Convinced that his team has gone the right way, Wolff believes that correlation issues are at the heart of the problem.

"I think there is a bigger factor with a lack of high speed than just the rear wing," said the Austrian, when asked if the decision to run a less-loaded rear wing configuration was compromising his drivers in the fast corners. "We are missing downforce beyond the steps that you would have with a bigger rear wing.

"We tried that with Lewis and there is something that we don't understand, because we are quick everywhere else pretty much and we know that we have a smaller rear wing. We are compensating what we are losing through the corners, but it's just the high speed where we are losing all the lap time."

Admitting that work done on the simulator is not being reflected on track, when asked if a different set-up might solve the issue, he replied: "I think that's a biggie. There is only so much you can tune here.

"Our simulation points us in a direction and this is the set-up range that we then choose, you put the right rear wing on and I think you gain a few tenths if you get the set-up right or wrong. But it is not a massive corridor of performance. It's more a fundamental thing that we believe the speed should be there, we measure the downforce, but we don't find it on the lap time.

"We had so much unknowns in the past year, where we thought this could be a reason and this could be a reason and this could be a reason, and we fixed that," he added. "We can see from the sensors that we have what we needed. But there is still this behaviour of the car in a certain speed range that our sensors and simulations say this is where we should have the downforce and we are not having it."

Added to which, Jeddah witnessed the return of the infamous bouncing phenomenon.

"It's been two and a half years that we are chasing this fundamental," he said "it's been two years that there is something that we need to spot, and that's the thing to unlock. It is not by lack of trying, we have pushed so hard and we have got to give it a massive, massive go now in the next week with more data to understand and come back to Melbourne stronger.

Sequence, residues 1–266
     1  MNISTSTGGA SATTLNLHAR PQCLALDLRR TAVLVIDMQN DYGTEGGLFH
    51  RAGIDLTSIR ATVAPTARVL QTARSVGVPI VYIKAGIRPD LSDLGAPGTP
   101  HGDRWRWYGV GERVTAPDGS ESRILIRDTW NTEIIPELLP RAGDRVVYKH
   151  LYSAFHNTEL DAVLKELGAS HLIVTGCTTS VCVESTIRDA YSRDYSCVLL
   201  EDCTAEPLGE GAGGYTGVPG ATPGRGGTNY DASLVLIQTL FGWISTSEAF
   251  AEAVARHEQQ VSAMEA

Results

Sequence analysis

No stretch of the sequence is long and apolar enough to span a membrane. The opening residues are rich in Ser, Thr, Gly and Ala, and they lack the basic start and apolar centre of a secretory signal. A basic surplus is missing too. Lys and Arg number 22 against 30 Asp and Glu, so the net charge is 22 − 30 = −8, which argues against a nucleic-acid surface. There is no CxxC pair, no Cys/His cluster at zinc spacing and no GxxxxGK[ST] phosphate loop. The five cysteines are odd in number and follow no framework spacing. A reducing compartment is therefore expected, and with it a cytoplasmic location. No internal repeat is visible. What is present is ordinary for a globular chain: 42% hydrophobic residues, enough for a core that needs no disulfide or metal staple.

"We are on a mission on this one and I am 100 per cent sure we are going to unlock that performance gap."

Check out our Saturday gallery from Jeddah here.


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1. Posted by kenji, 13/03/2024 1:25

"@ Chester....In my non aero fog I have a question. Why not reintroduce 'skirts' as this would effect a greater curtain and still allow downforce to work efficiently. Sorted hahaha"

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2. Posted by Chester, 10/03/2024 19:10

"Agree, Kenji. I thought Mercedes learned how to overcome the low ride height issue last year. I understand the desire to lower ride height, but if you can't control the oscillations then you have failed in the objective of low ride height.


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3. Posted by kenji, 10/03/2024 12:16

"Wolff and his empty words... My extremely meagre understanding of the aero fundamentals, and confirmed by multi learned proponents, is that to avoid oscillations the ride height needs to be lifted. In the words of the old Sinatra song, with lyrics be the famous Sammy Cahn, 'Love and Marriage, go together like a horse and carriage, you can't have one without the other'. Seems rather apt in this instance but even if they get around to sorting this out Hamilton will just find something else to biatch about. Change can't come soon enough."

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4. Posted by Wokingchap, 10/03/2024 10:51

"I am 100 per cent sure we are going to unlock that performance gap."......i really hope he's right."